• AX2011 Wall

    AX2011 Wall
    calgary CANADA

    suckerPUNCH: Describe your project.

    jason s. JOHNSON (MINUS ARCHITECTURE STUDIO): AX2011 explores localized weather conditions as generative tactics for a parametrically limited undulating geometry. The project simulates the surface and formal effects produced by warm air masses often referred to as “Chinooks” or foehn winds as they collide with arctic air masses. This phenomenon which occurs in southern Alberta, is capable of producing rapid and extreme variations in air temperature as well as a cloud formation known as a Chinook arch. These formations are produced through orographic lifting and often manifest in variably coloured and rippled stratus clouds with a distinct trailing edge.

    This project was developed as a part of the ACADIA 2011 project exhibition in collaboration with the sponsors and fabricators FLATCUT_. Undulating masses and surface articulations where produced through a set of metaball and subdivision simulations and translated into flat sheet material fabrication strategies. Translucency, reflection and subtle tonal variations interact with ambient lighting to condition the exhibition space. The wall also produces an armature for the inclusion of selected projects from the exhibit.

    sP: What or who influenced this project?
    jJ: I have been reading an old text on cloud formations by Luke Howard called “Essay on the Modifications of Clouds”, in which he describes the formation and transitional states of clouds as a structure of aggregation. So there were several strategies related to the movement of clouds from one state to another that were interesting to me as ways to generate specific but open ended formal responses.

    At the same time we were working with some fabricators in Brooklyn who were asking that we try and simplify the fabrication techniques away from 3D milling towards 2D cutting. So in the end the drive to embed the logics of cloud formations described by Howard was translated into a series of components that could be fabricated through 2 dimensional cutting. We went back and forth quite a bit on how best to make this work.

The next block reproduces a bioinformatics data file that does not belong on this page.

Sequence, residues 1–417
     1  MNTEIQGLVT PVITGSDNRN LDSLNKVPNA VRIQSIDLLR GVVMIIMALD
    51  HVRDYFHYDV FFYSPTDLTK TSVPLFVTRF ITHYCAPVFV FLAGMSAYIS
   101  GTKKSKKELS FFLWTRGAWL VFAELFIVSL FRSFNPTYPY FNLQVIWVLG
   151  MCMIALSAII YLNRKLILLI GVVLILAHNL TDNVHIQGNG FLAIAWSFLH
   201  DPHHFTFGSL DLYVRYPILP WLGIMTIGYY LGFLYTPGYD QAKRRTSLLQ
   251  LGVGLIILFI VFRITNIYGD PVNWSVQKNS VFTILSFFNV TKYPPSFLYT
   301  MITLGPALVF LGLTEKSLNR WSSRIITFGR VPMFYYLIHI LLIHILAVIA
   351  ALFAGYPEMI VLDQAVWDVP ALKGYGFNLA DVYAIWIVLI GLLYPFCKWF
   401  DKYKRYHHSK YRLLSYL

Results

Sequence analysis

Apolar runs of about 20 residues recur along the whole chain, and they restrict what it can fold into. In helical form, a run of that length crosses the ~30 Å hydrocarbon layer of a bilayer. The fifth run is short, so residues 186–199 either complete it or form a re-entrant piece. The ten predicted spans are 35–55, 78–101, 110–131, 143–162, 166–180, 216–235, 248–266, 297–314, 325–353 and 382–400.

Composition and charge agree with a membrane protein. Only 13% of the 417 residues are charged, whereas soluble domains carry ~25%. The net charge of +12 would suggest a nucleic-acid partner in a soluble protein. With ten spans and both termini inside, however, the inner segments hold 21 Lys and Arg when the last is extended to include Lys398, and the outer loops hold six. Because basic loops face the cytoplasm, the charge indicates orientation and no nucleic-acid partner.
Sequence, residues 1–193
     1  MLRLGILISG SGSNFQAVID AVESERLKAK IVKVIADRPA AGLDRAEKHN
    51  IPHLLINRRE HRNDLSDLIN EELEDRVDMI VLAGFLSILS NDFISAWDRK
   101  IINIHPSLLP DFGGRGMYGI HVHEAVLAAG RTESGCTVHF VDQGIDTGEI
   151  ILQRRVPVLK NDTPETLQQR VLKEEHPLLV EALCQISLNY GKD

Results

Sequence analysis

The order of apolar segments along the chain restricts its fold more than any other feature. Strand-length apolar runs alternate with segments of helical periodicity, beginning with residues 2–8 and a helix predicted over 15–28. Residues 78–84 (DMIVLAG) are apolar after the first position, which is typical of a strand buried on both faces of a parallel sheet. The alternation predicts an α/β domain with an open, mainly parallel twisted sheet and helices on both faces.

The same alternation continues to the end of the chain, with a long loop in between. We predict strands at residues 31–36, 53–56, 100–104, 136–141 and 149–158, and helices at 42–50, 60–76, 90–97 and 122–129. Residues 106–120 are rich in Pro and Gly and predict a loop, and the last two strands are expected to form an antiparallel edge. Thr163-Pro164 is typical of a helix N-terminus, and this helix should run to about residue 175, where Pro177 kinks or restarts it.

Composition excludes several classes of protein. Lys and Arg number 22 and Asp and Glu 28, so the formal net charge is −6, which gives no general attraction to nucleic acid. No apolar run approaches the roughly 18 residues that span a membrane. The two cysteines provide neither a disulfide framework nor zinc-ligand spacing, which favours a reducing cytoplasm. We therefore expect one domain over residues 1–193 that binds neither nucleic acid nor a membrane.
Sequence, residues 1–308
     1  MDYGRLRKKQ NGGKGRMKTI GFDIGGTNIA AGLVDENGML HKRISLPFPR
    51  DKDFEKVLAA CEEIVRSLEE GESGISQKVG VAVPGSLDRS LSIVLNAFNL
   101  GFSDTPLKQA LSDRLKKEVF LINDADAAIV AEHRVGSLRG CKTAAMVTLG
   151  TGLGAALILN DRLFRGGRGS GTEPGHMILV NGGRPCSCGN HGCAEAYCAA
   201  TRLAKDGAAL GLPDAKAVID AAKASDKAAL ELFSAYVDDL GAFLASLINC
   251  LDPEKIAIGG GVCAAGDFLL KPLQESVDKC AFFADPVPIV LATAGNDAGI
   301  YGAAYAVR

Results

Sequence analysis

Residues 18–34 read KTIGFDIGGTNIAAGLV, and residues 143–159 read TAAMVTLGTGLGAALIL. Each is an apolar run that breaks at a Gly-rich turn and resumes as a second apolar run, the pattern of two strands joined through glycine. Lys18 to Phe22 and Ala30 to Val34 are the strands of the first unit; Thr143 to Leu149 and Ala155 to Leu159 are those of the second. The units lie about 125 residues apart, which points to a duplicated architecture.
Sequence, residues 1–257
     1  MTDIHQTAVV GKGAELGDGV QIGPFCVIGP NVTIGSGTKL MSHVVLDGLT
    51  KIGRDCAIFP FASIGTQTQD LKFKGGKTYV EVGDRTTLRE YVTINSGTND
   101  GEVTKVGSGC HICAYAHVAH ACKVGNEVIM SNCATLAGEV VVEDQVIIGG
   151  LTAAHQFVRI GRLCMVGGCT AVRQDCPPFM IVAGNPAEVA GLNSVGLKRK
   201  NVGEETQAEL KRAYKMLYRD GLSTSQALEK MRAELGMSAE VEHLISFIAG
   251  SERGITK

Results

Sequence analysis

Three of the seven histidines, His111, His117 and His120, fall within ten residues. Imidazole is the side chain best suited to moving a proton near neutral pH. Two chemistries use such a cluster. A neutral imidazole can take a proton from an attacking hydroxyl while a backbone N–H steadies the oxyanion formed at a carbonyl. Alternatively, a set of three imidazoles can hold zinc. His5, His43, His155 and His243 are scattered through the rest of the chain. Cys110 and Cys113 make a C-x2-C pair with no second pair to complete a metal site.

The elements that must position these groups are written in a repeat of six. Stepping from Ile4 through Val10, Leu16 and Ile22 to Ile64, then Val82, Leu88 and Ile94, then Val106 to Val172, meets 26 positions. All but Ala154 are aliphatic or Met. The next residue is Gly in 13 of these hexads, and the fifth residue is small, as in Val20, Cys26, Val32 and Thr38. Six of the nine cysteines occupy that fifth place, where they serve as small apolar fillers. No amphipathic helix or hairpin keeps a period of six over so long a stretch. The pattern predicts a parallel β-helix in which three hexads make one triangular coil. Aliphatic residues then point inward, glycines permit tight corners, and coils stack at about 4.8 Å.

sP: What were you reading/listening to/watching while developing this project?
    jJ: In addition to the Howard reading, I have been going through a pile of old Architectural Forum magazines that I inherited from a retiring colleague. It’s always interesting to read about old projects from the perspective of them being new.

    In the studio at the time we were watching a lot of reruns of “That Mitchell and Webb Look.” Let’s just say that Netflix in Canada has a bit of a limited selection and frankly the “Numberwang” sketch pretty much sums up what it’s like to try and decipher some of the grasshopper definitions we developed for this thing.

    sP: Whose work is currently on your radar?
    jJ: I work a lot with Joshua Taron at Synthetiques. I like catching up with Marc at theverymany. I think in both cases the level of focus that they apply to very specific ways of working is really inspiring. While curating the exhibit for this project we included some really interesting stuff from Skylar Tibbits, Alvin Huang (SDA), Steven Ma, Mark Gage, and PROJECTiONE.

    We had Nick Puckett up here running a workshop last month which was great. Really there is too much stuff I look at on a daily basis to include here.

    Additional credits and links:

    Code + Fabrication Design: Jodi James, Kurtis Nishiyama
    Photos by Eric Au

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